GS 3 – Environment
Meghalaya village turns an oasis in coal mine desert
Why in News?
Rat-hole coal mining had sucked the life out of less than a decade ago. The village in the East Jaintia Hills district of Meghalaya has now risen like the proverbial phoenix to become a clean, green dot in a vast black blot.
- The job of making the village of 960 people and its surroundings breathe freely again – “like the good old days” – is only 30% done.
- But the progress has been good enough for people in the mining-ravaged area to believe all is not lost amid abandoned pits and coal-blackened earth.
- There are some 60,000 coal mines across 360 villages in East Jaintia Hills district.
- They used to be one such village until the National Green Tribunal banned rat-hole mining in April 2014.
- Rat-hole mining is a term used for a hazardous and arduous mining technique where miners crawl into winding underground tunnels that are just 4-5 feet in diameter to extract coal from the deep seams with a pickaxe.
- Though the NGT ban did not stop illegal mining in the district, it helped reform – in part because unregulated mining had contaminated its farmlands and turned the streams acidic, and also because the village dorbar, or traditional governing body, had a change of guard.
- After a younger set took over the village decision-making body, we banned mining in our area.
- By that time, the nearest mine was a kilometre away. Then we went about cleaning the coal-stained surroundings and planting saplings along the pathways connecting our village.
National Green Tribunal
- The National Green Tribunal has been established on 18.10.2010 under the National Green Tribunal Act 2010.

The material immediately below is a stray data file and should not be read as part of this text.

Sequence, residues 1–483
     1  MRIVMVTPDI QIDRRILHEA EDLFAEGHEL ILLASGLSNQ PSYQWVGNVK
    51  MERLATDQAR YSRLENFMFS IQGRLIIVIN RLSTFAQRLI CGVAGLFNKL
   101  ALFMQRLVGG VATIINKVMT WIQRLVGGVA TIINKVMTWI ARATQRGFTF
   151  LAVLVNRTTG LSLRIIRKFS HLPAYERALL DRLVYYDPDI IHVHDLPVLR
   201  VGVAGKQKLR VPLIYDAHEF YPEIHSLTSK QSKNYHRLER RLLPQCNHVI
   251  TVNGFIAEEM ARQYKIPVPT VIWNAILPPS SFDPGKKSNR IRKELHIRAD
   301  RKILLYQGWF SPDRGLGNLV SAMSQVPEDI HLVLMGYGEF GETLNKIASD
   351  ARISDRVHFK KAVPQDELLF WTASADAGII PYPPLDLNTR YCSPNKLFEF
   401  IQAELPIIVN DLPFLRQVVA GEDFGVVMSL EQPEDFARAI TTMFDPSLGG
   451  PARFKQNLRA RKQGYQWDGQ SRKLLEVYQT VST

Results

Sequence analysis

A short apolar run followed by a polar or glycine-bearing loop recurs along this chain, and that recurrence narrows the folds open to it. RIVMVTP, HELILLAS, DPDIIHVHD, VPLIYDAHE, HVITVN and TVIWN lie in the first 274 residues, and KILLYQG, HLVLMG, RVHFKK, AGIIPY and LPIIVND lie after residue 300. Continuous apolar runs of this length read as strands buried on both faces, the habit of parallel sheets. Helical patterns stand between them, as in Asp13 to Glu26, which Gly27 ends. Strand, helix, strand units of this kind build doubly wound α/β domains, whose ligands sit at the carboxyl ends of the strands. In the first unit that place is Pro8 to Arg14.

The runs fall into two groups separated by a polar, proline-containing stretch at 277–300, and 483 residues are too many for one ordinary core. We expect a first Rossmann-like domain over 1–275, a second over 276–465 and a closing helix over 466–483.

- To effective and expeditious disposal of cases relating to environmental protection and conservation of forests and other natural resources including enforcement of any legal right relating to environment and giving relief and compensation for damages to persons and property and for matters connected therewith or incidental thereto.
- It is a specialized body equipped with the necessary expertise to handle environmental disputes involving multi-disciplinary issues.
- The Tribunal shall not be bound by the procedure laid down under the Code of Civil Procedure, 1908, but shall be guided by principles of natural justice.
- The Tribunal’s dedicated jurisdiction in environmental matters shall provide speedy environmental justice and help reduce the burden of litigation in the higher courts.
- The Tribunal is mandated to make and endeavour for disposal of applications or appeals finally within 6 months of filing of the same.
- Initially, the NGT is proposed to be set up at five places of sittings and will follow circuit procedure for making itself more accessible.
- New Delhi is the Principal Place of Sitting of the Tribunal and Bhopal, Pune, Kolkata and Chennai shall be the other four places of sitting of the Tribunal.
GS 3 – Environment
NGT seeks action plan on elephant corridors
Why in News?
The National Green Tribunal (NGT) has directed the Odisha government to prepare an action plan within three months on 14 identified elephant corridors for providing stress-free migration to jumbos from one habitation to another in the State.
- The State government had proposed 14 corridors stretching over a total area of 870.61 sq.km. having a length of 420.8 km. Despite the passing of several years, no tangible progress had been made on government’s proposal.
- The Wildlife Society of Orissa (WSO), a voluntary organisation, had moved the NGT seeking concrete action on strengthening of corridors.
- The WSO had sought the NGT’s intervention for necessary legal action against encroachers and those violating the Provisions of the Forest Conservation Act 1980 and the Indian Forest Act 1927 in the proposed corridors.
- The government was urged to remove the unauthorised buildings from the reserve forest land in Dhenkanal district, which sees acute human-elephant conflict, and make the forestland free from encroachment.